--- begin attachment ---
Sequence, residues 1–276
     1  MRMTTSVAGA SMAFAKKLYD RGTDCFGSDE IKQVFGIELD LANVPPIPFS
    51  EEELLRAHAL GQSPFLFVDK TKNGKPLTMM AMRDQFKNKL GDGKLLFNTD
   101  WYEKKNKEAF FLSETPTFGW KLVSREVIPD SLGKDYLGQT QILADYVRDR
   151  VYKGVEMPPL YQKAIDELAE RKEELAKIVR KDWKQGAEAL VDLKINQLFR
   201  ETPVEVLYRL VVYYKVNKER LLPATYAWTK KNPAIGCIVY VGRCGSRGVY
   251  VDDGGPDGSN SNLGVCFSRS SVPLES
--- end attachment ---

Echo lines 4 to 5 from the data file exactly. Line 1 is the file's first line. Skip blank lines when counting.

   101  WYEKKNKEAF FLSETPTFGW KLVSREVIPD SLGKDYLGQT QILADYVRDR
   151  VYKGVEMPPL YQKAIDELAE RKEELAKIVR KDWKQGAEAL VDLKINQLFR